On This Day, February 3rd

1. 1959: The Day the Music died

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Just after midnight on this date in 1959, a small aircraft carrying three of the most popular musicians at the time crashed less than five minutes after it took off from Clear Lake, Iowa. Onboard was Ritchie Valens (who was just 17 years old at the time), J.P. “The Big Bopper” Richardson, and Buddy Holly who had just landed his first number one hit with “That’ll Be the Day.” Unfortunately, the tragedy could’ve been avoided if the young 21-year-old pilot by the name of Roger Petersen had inquired about the upcoming weather conditions. Instead, the inexperienced pilot decided to take off even though poor visibility made visual navigation nearly impossible and he was untrained and uncertified in instrument only navigation. According to reports, he may have been influenced by the equally young Buddy Holly who had chartered the plane at the last minute. He was hoping to avoid a long and cold trip to their next stop on the Winter Dance Party Tour on a tour bus with no heater. Holly originally booked the plane for him and his band, but The Big Bopper and Valens made arrangements with Holly’s band members to swap places. Guitarist, Tommy Allsup, offered to flip a coin with Valens for his seat on the plane and lost. Richardson somehow managed to convince Holly’s other guitarist to swap places with him at the very last minute. That guitarist was none other than Waylon Jennings, who went on to become a country music legend in his own right. The song “American Pie” by Don McLean was designed to memorialize the three musicians and “the day the music died.”

2. 1998: U.S. Fighter Jet severs ski-lift cable in Italy

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While out on a routine flight in the Italian countryside, the United States Marine Corps pilots of an EA-6B Prowler aircraft managed to sever a steel cable that held a gondola of an aerial tramway. This caused it to fall more than 260 feet to the ground which instantly killed all 20 passengers onboard. The pilots, Captain Joseph Schweitzer, and Captain Richard J. Ashby were flying well under the 2,000-foot altitude regulation in an attempt to “take videos of the scenery” and just to “have fun.” Later reports indicate that they had to of been flying between 260 and 330 feet off the ground at over 540mph when the aircraft’s right wing clipped the cable at a ski resort in the Dolomites, near the town of Cavalese. The jet received minor damage but still managed to return back to the Aviano Air Base where they were stationed. In an attempt to hide what they had done, they destroyed the videotape recorded from inside the plane and later were found guilty of obstruction of justice and dismissed from the Marine Corps.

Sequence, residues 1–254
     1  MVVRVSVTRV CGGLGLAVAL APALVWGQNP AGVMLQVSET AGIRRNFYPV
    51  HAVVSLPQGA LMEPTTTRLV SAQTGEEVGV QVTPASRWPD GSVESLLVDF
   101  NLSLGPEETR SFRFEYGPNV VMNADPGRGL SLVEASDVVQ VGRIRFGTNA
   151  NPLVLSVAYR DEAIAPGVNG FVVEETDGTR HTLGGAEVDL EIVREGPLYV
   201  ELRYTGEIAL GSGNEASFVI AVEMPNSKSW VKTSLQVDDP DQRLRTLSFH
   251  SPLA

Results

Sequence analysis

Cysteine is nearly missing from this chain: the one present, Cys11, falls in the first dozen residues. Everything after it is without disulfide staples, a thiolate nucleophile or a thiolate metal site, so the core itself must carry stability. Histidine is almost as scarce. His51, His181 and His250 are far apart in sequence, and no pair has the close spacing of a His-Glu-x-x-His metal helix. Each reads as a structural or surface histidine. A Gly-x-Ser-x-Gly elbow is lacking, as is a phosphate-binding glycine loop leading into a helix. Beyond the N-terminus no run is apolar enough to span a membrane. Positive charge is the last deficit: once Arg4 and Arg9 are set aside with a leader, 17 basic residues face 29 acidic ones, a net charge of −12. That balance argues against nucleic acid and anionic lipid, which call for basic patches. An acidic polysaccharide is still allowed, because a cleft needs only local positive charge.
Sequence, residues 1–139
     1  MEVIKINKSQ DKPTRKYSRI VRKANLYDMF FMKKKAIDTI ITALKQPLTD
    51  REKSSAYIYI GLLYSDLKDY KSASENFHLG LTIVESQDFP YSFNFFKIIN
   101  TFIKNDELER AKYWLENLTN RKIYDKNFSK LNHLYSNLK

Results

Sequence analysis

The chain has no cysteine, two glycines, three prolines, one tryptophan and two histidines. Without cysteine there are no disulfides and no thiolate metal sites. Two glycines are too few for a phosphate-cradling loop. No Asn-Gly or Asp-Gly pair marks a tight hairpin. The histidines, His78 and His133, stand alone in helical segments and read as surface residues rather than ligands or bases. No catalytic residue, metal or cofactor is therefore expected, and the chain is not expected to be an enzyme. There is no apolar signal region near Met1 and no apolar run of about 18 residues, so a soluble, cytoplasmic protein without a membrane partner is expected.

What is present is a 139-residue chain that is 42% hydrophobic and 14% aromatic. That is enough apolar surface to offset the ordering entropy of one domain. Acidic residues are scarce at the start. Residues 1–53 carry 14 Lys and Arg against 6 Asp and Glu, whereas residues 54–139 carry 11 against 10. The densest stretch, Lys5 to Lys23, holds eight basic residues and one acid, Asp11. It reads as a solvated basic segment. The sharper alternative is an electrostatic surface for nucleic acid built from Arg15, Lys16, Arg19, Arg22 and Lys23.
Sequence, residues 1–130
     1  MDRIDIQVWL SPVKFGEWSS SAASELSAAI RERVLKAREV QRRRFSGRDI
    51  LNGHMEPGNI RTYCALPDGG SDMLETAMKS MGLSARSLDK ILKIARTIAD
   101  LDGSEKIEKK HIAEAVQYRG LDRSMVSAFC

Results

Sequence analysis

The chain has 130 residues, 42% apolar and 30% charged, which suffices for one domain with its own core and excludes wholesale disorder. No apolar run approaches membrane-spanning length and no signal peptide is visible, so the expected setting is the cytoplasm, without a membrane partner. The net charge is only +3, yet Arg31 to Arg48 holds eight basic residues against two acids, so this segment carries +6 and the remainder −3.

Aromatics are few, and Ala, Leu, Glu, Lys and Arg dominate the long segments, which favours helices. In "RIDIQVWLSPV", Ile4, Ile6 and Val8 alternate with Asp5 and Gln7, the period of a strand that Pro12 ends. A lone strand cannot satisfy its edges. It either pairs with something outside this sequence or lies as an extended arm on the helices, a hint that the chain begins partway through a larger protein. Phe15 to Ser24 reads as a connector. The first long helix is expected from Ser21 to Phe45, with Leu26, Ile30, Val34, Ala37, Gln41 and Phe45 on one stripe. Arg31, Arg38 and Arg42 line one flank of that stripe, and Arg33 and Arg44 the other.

3. 2002: The New England Patriots won their first Super Bowl

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The New England Patriots are scheduled to play the Atlanta Falcons this coming Sunday in Super Bowl LI (51) and it will be the ninth time the team has made it to the championship game. However, it was on this date in 2002 that the Patriots got their first ever Super Bowl win when they beat the St. Louis Rams in a nail-biting game 20-17. Just as the clock expired, kicker Adam Vinatieri split the uprights with a long 49-yard field goal to win the game. More than 73,000 people were in attendance at the Louisiana Superdome to watch this monumental achievement take place. Tensions were extremely high due to potential terrorist threats since the game was played just five months following the devastating attack on the World Trade Center on September 11, 2001. There was another first at this game, George H.W. Bush became the first President to perform the coin toss in person at the game. Prior to that, it was done remotely via satellite.